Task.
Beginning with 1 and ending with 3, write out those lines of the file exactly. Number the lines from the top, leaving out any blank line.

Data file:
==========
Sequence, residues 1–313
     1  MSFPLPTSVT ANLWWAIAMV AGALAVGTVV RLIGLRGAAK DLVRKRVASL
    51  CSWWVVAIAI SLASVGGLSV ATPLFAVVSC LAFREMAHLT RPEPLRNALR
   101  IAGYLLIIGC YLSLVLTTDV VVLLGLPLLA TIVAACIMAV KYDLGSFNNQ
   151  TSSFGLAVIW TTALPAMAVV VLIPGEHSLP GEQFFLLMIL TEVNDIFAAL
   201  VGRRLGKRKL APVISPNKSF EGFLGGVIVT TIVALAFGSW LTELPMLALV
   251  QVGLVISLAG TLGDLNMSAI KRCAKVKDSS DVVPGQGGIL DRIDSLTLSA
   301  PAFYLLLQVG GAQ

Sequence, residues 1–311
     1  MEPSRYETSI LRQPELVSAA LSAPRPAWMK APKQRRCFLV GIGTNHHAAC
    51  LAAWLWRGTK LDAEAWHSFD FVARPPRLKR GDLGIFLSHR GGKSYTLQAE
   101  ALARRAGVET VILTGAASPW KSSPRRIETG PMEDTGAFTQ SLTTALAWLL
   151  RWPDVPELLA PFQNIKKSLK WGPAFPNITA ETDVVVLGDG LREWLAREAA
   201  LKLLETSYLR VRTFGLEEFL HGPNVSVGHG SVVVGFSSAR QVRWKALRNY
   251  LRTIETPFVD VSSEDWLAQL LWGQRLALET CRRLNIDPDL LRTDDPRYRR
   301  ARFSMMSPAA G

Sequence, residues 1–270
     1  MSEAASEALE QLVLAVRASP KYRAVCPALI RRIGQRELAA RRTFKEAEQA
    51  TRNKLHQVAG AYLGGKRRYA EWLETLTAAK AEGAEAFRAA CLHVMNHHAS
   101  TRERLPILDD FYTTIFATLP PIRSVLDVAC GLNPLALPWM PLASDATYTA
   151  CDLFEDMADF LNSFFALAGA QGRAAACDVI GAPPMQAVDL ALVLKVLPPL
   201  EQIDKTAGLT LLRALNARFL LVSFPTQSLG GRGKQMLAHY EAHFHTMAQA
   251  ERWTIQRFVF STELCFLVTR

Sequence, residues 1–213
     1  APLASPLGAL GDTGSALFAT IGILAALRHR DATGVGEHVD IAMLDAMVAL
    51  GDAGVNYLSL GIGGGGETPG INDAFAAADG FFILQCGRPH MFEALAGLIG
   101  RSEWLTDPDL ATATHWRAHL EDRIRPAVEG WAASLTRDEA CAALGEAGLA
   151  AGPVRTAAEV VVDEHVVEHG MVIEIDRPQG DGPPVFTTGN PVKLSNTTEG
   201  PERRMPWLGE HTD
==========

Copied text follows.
Sequence, residues 1–313
     1  MSFPLPTSVT ANLWWAIAMV AGALAVGTVV RLIGLRGAAK DLVRKRVASL
    51  CSWWVVAIAI SLASVGGLSV ATPLFAVVSC LAFREMAHLT RPEPLRNALR